Contact: Ed Folsom (510) 422-0389 (folsom1@llnl.gov).

Lab acheives chip production breakthroughs

Two breakthroughs by Laboratory researchers could help U.S. manufacturers produce computer chips with 1,000 times more memory than today's chips-and do so ten times faster than current technology.
The advances appear to largely overcome two critical hurdles that could have blocked the use of extreme ultraviolet (EUV) light to make computer chips in a process called EUV lithography. EUV lithography would allow 21st century computer chip makers to work with light wavelengths 20 times shorter than those of today's technology, reducing line widths or feature sizes on chips from 0.35 to 0.1 micrometer and smaller.
Lawrence Livermore's advances came in two key areas:
  • A critical 20- to 50-fold improvement in accuracy for measuring the surface shapes of optical components used in the lithography process.
  • A 300,000-fold reduction in the number of defects in the multilayer-coated reflective masks used to transfer circuit patterns onto silicon wafers, or chips. The reduction in mask defects springs from an ion beam sputter deposition system developed by the Laboratory and Veeco Instruments Inc, a Plainview, New York, semiconductor equipment company.
    Contact: Andrew Hawryluk (510) 422-5885 (hawryluk1@llnl.gov).

    Lab conducts test of airborne multisensor pod

    Researchers from the Laboratory's Nonproliferation, Arms Control, and International Security directorate conducted airborne tests earlier this year of a multisensor unit they developed to remotely detect small quantities of chemicals and radionuclides. Designed primarily for weapons treaty verification, the unit has potential applications in environmental monitoring or in the event of an industrial accident or natural disaster.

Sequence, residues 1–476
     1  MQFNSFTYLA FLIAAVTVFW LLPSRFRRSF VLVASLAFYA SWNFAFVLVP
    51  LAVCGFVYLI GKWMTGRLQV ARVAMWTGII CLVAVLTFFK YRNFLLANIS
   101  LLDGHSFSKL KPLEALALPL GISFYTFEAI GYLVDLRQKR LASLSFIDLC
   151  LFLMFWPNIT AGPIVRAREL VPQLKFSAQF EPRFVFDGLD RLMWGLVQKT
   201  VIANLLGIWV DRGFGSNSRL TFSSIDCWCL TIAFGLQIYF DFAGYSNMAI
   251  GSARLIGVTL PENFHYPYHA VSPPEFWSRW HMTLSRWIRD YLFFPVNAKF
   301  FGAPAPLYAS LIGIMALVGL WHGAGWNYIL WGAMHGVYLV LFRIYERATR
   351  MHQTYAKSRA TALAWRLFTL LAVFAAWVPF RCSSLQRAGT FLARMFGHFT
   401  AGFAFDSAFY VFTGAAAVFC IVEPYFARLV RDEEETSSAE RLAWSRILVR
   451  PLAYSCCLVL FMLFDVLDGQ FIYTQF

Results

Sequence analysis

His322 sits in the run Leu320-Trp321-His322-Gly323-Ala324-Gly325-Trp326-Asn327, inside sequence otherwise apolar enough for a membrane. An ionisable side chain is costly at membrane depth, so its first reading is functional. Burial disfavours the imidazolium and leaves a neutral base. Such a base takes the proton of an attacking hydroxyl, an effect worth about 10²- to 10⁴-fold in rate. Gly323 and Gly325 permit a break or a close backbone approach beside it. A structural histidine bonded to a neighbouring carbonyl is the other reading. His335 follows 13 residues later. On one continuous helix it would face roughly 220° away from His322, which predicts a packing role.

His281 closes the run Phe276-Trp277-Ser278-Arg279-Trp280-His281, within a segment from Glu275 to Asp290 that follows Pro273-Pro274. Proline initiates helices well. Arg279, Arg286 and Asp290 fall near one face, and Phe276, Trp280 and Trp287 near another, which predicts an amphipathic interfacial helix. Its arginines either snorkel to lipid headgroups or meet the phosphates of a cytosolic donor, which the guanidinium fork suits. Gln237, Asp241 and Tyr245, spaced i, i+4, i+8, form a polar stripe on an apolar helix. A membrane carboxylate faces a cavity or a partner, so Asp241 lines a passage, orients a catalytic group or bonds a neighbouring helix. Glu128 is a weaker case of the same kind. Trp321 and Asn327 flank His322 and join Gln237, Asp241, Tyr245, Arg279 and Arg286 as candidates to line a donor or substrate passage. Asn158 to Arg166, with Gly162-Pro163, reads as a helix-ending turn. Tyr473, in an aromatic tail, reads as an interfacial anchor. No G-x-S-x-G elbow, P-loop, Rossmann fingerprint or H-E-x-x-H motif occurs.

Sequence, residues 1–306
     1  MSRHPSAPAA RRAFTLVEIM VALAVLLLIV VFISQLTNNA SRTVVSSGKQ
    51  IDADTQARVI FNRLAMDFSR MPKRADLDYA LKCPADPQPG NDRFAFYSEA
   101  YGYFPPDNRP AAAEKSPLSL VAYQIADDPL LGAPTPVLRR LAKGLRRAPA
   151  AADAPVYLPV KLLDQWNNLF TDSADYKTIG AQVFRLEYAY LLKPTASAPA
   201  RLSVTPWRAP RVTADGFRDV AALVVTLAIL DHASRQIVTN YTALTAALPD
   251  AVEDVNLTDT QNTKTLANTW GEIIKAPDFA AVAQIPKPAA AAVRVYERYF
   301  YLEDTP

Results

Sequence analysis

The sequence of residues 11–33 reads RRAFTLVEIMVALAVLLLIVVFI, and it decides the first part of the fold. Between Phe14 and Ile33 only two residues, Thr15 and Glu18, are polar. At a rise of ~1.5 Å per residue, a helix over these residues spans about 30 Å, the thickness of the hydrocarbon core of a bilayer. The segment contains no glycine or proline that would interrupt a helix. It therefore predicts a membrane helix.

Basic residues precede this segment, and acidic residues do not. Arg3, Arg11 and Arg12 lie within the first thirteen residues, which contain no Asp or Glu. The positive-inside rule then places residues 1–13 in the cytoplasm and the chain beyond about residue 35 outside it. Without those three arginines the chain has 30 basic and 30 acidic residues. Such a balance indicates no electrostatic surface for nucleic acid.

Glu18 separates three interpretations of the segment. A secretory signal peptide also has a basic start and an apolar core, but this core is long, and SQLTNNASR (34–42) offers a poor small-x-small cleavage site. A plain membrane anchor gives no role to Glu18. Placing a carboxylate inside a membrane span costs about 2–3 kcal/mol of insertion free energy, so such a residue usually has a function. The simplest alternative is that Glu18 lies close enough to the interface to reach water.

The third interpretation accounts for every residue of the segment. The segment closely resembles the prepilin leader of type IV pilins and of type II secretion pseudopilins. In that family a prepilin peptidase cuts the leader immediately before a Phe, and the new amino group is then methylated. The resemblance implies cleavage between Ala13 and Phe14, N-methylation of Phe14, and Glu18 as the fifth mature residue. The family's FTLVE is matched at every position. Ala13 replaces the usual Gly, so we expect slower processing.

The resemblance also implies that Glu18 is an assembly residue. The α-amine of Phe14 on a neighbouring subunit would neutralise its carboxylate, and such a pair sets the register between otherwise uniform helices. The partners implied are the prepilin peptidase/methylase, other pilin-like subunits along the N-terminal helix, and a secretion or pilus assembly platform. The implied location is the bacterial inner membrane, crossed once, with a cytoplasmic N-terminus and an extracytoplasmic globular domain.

The 5-m-long by 1-m-wide cylindrical unit, designed to attach to the underside of an aircraft wing, is called the Effluent Species Identification (ESI) pod. A miniature laboratory, the pod contains four effluent sensors: an ion mass spectrometer for identifying chemicals, a radionuclide analyzer to detect radioactivity, a krypton sampler, and an aerial atmosphere sampler. Sensor guidance is provided by a target tracking system located in a small revolving turret on the underside of the pod.
    Laboratory researchers developed one of the sensors and integrated it and the three others into the ESI pod, which they also developed. Collaborating with the Laboratory were Pacific Northwest National Laboratory and the Savannah River Technology Center. The pod is one of several being developed as part of the Department of Energy's Airborne Multisensor Pod System, a nonproliferation program involving several DOE laboratories, the U.S. Navy, and private industry.
    Contact: Joe Galkowski (510) 422-0602 (galkowski1@llnl.gov).

    Seeping gases can aid detection of nuclear tests

    Tiny amounts of radioactive rare gases that seep to the surface from underground nuclear explosions could foil nations secretly trying to evade a proposed ban on nuclear tests. This finding by Lawrence Livermore scientists offers international agencies another possible tool for monitoring a nuclear weapons test ban.
    In the August 8 issue of the British journal Nature, the scientists reported that gases produced by nuclear explosions and released along natural faults and cracks in the Earth can be used to detect clandestine nuclear tests.
    The finding is based on an experiment conducted in 1993 at the Department of Energy's Nevada Test Site. In the experiment, the Lawrence Livermore team mixed small amounts of two nonradioactive gases, helium-3 and sulfur hexafluoride, into chemical explosives in a non-nuclear test that simulated a deeply buried underground nuclear explosion.
    Says geophysicist Charles Carrigan, who led the Livermore team: "Our experiment shows that people who attempt to conduct a clandestine nuclear test will not have any guarantee they can hide it from detection during an on-site inspection."
    Contact: Charles Carrigan (510) 422-3941 (carrigan2@llnl.gov).